The U.S. companies Temptime and Lifelines Technologies offer particularly good value indicators which work on the basis of polymers. Polymers are giant molecules that are made of repetitive blocks which, depending on time and the ambient temperature, link together and thereby become darker and darker. A disadvantage is, however, that this polymerization process starts immediately after manufacture, i.e. the TTI is activated directly after production and must therefore be stored at temperatures below minus 25° C until used.

The TTI label from Cox Technologies works with enzymes, whose activity brings about a colour change depending on the temperature. The label consists of two synthetic chambers, which must be broken to activate them. When broken, the liquids they contain – an oil and the enzyme – are mixed. With time the enzyme breaks down the molecules in the oil, whereby the initial green colour turns to yellow. The higher the temperature, the faster this change takes place. A disadvantage here, however, is the fact that temperatures above 40° C destroy the enzyme. Labels that have become unusable due to heat still show the freshness of a product even after it has long been spoiled.

Manfred Klinkhardt
The Topcryo Time Temperature Integrator (TTI) label for optical temperature control from Cryolog is based on microorganisms that respond "biologically" to temperature fluctuations and their duration. When the set levels (temperature, duration) are exceeded their colour changes from green to red.


The TTI label for optical temperature control from Topcryo is based on microorganisms that respond "biologically" to temperature fluctuations and their duration. There are 24 standard label variants for 4°, 8° and 10° C in various time increments from 12-192 h so that the user will be able to find a suitable label for a large number of products. The frozen labels are activated by thawing. When the set levels (temperature, duration) are exceeded their colour changes from green to red.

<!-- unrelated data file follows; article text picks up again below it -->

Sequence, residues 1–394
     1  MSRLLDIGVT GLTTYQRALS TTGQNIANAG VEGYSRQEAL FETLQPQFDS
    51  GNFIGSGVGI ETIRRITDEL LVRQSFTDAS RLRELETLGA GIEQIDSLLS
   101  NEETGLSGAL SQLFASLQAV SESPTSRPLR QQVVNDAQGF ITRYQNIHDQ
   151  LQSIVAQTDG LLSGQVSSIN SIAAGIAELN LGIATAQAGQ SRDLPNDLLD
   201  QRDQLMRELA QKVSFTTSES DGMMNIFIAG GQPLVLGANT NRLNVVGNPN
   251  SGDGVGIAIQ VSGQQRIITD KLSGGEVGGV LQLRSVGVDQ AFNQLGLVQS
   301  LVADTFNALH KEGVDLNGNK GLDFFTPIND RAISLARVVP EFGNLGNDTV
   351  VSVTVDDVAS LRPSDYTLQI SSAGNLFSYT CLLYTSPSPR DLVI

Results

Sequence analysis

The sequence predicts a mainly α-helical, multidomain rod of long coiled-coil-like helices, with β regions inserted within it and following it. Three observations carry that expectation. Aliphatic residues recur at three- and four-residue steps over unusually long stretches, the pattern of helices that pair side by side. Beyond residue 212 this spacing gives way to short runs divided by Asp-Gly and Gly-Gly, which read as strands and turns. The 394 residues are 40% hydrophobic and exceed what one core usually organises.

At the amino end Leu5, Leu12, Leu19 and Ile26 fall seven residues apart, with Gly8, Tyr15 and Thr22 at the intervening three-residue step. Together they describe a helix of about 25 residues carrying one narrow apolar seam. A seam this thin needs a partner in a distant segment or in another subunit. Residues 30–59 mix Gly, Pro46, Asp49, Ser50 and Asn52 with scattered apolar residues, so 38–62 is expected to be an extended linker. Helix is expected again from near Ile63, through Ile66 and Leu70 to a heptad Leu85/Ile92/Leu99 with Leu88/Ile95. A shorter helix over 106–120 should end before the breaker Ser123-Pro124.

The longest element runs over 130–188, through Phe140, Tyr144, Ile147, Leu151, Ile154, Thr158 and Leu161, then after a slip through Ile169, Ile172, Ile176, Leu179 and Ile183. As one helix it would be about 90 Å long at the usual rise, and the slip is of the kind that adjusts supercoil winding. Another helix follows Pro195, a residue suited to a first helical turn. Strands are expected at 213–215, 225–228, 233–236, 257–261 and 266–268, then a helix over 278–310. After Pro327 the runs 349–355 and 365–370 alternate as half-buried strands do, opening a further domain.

Developed at the University of Münster the "PolyTakSys" chip uses an electrically conductive polymer which after activation by simple moistening begins to move slowly through an organo-electronic layer which is visible by means of the slow growth of a coloured bar. The mechanism is based on a special form of diffusion which is temperature dependent and produces a sharp colour display. This offers various ways of indicating freshness, for example a traffic light (from green / fresh to red / expired), or the appearance of a warning indicating the expiry date of the product. The chip could also be linked to an RFID tag (radio frequency identification) that could transmit other information to a special reader electromagnetically. Foods in the refrigerated section that have passed their expiry date could trigger such a warning, for example.


RFID and cool data loggers for monitoring temperature online

Due to their technical characteristics RFIDs are well suited to documenting temperature profiles. The small chips can be placed directly on the product or even inside larger packaging units. Their capacity is usually sufficient to record the temperature along the entire transport path from manufacturer to retailer without any gaps. Because the information is transmitted electromagnetically, no physical or visual contact between the chip and the reading device is necessary for communicating with the reader, which reads the collected data and transmits them to a computer. This promising technology is, however, as still too interference-prone and not yet ready for practical application. In spite of reusable RFID chips this method is also still fairly expensive. It will be some time before routine use in practice becomes possible.

As an alternative, there is a similar but technically much more sophisticated technology that uses a temperature data recorder, or cool data logger. This small device can be fixed / stationary, for example in cold storage or processing areas, or used for monitoring temperature during transport. The devices trigger an alert visually, acoustically or by cell phone if the cooling technique is not working properly or if the specified temperature limits are exceeded. In the basic version, these systems consist of one or more temperature sensors and a data store. In refrigerated vehicles a printer will often be added to record the temperature profile during transportation so that it can be presented to the customer upon delivery of the goods. On-line transmission of the real-time operating conditions, temperature data and profile is possible. This means that the refrigerated vehicle remains linked to the internet portals of potential interested parties, such as the forwarding company, the supplier or the food manufacturer during transport. The transmitted data give them the chance to optimally integrate the vehicles into their fleet management, or to link the delivery process directly with other operational processes.